Another notable fact is that 329 of the victims were fleeing, about 34 percent of the victims.

These cumulative statistics show the willingness of police to quickly kill people who pose little to no threat to them.

Police killings should be considered in the broader context of punishment for the most vulnerable and impoverished. In the United States, over 2 million people are in federal or state prisons. Furthermore, 4.75 million are on probation or parole. This means that about 7 million people, 3 percent of the adult population, have been or are in prison.

As in the case of police killings, many of these people have been locked up for shoplifting, grand theft auto and robbery. Many others are incarcerated for drug possession and use.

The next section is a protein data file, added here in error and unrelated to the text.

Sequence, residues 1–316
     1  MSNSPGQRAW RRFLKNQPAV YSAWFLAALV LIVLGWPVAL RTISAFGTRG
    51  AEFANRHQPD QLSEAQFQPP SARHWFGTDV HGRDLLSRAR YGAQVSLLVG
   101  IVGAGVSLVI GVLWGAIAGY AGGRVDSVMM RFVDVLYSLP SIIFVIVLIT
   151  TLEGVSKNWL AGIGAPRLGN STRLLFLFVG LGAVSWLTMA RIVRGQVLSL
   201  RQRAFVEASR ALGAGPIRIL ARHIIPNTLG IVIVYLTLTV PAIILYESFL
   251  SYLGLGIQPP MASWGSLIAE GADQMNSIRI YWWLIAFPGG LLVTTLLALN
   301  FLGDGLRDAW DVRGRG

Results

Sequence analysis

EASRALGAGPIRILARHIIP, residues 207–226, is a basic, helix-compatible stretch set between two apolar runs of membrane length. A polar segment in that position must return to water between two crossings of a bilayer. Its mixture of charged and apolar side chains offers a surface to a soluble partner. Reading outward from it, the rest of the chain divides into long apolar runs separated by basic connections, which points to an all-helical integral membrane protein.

While millions of destitute and hopeless people in the US are brutally punished for relatively minor infractions, the real criminals, those in the Bush and Obama administrations responsible for wars of aggression that have cost the lives of hundreds of thousands in the Middle East, as well as the bankers who crashed the economy in 2008, have reaped the benefits of their much more serious crimes.

No amount of police training, community engagement or racial bias classes will end police killings. The deaths are born out of much more fundamental political and economic realities than what this or that police officer feels and thinks. In 2017, amidst a worsening political and economic crisis, the state will be even more ready to kill, harass and imprison the poorest section of the population.